The owners of a pair of restaurant buildings in Cap Hill have dropped their bid for a certificate that would make them easy to demolish in the next five years.
7th & Grant LLC, which owns the buildings at 701 and 711 N. Grant St., had applied for the certificate of demolition eligibility in February.
That prompted three nearby residents to file a notice of intent to submit a landmark application for the buildings. Wednesday was the deadline for them to formally submit the application, which if approved would effectively prevent demolition of the properties.
Hal Naiman of Denver-based The Sherman Agency, who represents the ownership entity, informed BusinessDen of the decision to withdraw. Joanna Negler, one of the three residents, confirmed that her group opted not to submit a landmark application because of the withdrawal.
The buildings are home to four restaurants, all concepts from Chef Frank Bonnano: Lou’s Food Bar, Vesper Lounge, Mizuna and Luca. The area where they’re located, known as Governor’s Park, has become a hotspot for large new apartment developments in recent years.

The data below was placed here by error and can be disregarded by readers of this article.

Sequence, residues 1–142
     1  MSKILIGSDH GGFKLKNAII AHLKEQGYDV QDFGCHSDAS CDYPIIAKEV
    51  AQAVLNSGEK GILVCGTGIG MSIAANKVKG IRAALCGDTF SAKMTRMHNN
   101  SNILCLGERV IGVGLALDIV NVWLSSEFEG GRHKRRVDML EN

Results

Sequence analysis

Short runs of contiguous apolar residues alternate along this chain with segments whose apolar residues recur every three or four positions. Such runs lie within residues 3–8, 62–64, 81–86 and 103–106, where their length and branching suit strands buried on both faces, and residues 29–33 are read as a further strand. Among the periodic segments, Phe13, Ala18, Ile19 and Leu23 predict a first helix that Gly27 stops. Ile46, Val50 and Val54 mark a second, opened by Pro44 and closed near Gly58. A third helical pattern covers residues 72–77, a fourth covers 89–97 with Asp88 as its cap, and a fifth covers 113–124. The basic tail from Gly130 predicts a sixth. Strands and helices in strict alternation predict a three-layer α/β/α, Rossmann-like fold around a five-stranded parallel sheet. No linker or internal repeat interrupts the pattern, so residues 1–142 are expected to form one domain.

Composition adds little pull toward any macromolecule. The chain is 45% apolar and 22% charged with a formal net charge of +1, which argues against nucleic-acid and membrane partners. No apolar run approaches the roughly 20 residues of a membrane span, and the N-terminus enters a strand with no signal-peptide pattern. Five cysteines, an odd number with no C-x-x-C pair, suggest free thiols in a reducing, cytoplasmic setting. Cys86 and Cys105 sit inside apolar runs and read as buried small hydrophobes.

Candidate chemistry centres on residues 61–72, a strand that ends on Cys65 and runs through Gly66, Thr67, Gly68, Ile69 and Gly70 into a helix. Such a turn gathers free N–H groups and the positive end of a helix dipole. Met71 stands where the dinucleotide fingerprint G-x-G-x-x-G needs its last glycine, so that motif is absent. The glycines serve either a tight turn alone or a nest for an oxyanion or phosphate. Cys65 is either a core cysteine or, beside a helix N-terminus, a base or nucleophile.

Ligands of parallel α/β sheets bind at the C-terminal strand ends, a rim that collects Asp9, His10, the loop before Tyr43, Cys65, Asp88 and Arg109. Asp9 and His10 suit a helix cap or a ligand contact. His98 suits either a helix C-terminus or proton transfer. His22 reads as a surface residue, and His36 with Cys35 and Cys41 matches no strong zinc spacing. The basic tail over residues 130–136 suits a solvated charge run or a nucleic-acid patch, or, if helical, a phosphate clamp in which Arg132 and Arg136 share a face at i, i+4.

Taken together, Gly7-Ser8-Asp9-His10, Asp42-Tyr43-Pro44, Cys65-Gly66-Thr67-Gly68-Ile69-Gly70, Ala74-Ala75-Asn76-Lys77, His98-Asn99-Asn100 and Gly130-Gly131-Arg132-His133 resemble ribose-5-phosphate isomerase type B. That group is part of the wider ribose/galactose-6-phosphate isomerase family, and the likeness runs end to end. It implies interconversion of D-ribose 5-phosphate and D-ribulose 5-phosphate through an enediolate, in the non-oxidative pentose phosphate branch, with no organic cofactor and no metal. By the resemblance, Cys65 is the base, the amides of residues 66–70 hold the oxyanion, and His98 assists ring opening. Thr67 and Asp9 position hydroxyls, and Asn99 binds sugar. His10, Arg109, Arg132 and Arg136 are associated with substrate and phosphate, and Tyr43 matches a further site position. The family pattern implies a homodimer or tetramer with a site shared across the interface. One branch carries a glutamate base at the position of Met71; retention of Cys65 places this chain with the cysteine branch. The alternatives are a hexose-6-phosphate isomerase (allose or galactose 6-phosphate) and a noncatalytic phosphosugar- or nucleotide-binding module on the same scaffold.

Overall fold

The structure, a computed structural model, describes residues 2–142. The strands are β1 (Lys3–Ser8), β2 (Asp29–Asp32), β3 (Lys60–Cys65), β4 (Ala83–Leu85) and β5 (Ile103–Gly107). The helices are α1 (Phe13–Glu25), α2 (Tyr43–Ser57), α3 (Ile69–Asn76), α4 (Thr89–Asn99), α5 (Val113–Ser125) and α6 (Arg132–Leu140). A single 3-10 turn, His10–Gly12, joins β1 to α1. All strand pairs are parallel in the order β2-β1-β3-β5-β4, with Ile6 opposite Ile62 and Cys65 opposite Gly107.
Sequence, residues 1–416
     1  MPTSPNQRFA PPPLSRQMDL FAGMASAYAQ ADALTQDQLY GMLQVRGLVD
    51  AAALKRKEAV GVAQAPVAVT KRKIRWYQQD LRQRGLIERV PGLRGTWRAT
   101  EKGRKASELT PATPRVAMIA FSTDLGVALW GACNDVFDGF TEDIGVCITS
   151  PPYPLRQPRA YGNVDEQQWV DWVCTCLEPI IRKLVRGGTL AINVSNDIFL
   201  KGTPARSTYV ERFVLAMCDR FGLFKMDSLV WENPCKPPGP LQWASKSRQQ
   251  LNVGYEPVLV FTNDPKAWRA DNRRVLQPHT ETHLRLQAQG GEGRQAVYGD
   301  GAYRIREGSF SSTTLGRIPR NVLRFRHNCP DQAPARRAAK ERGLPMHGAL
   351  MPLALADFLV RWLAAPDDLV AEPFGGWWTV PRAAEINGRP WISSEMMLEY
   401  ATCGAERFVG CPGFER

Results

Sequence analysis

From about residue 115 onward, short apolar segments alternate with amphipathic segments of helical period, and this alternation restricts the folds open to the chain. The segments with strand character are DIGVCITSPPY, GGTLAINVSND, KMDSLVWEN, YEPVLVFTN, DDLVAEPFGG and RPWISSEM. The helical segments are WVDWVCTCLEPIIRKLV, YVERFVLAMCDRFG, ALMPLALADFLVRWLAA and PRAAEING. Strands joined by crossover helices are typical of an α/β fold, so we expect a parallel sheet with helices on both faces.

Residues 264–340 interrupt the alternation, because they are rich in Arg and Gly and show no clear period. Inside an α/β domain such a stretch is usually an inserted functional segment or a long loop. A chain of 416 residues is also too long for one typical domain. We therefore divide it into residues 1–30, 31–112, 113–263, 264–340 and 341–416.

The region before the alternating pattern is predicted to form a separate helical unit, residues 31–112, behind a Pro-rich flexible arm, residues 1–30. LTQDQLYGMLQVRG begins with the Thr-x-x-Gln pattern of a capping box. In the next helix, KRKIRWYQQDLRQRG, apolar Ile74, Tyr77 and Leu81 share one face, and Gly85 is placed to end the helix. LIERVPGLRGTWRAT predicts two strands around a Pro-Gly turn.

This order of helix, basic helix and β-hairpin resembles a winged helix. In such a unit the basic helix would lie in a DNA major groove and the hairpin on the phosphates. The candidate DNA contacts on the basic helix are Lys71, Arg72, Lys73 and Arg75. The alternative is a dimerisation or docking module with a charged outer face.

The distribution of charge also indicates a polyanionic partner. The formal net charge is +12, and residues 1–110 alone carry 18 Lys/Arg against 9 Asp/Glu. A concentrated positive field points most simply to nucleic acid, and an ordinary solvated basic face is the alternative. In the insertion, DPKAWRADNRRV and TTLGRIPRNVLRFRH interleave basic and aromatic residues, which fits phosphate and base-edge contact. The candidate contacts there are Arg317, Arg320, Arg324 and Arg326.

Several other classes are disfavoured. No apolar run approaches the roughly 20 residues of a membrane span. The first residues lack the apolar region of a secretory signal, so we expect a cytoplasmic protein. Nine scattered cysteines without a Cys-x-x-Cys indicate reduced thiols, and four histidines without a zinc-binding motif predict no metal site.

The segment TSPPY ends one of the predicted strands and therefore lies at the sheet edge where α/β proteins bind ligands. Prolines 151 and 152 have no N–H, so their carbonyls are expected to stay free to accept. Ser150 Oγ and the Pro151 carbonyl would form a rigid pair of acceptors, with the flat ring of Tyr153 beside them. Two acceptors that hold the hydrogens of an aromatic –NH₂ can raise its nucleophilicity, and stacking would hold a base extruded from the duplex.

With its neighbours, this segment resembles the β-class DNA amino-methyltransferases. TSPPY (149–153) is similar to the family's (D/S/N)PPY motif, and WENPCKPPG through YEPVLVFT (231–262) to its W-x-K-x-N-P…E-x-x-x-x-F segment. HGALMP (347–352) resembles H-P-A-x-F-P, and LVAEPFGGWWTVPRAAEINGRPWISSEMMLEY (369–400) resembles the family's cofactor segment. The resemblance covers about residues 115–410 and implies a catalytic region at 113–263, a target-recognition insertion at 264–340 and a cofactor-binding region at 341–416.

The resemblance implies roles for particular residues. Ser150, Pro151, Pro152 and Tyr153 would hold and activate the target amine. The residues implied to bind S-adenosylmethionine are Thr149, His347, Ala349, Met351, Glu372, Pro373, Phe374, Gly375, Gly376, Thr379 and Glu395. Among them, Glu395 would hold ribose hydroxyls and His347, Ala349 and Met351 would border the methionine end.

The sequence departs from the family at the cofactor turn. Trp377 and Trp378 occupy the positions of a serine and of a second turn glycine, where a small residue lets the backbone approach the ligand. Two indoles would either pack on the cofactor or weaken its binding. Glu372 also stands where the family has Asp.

Naiman told BusinessDen in an email Tuesday that 7th & Grant LLC is made up of “Colorado families who have lived in Denver for generations.” He said they’re still exploring selling the buildings.
“The families bought this property in 1974, and because the largest remaining owners are two retired school teachers now in their 70s and 80s, and because of the strong real estate market in Denver, the time is right for them to explore their options,” Naiman said. “They have, however, heard the concerns of some of those who live in the neighborhood and want to take time to have a thoughtful dialogue with them without the pressure of a clock ticking, which would be the case if their application was not withdrawn.”
Because of changes made to the city’s landmark preservation process in late 2019, Naiman and the three residents were required to meet in the presence of a mediator. Negler said she thinks the process worked well.
“I think the process is good,” she said. “I think it makes tons of sense to make the two parties talk.”
Earlier this year, Greyhound withdrew its request for a demolition eligibility certificate for a building in Five Points after nearby residents there submitted a landmark notice of intent.
Meanwhile, the City Council is set to vote May 10 on a landmark application submitted for Denver7’s building at 123 Speer Blvd. The television station wants to sell the structure to a developer who would demolish it, and opposes the application.
Leave a Reply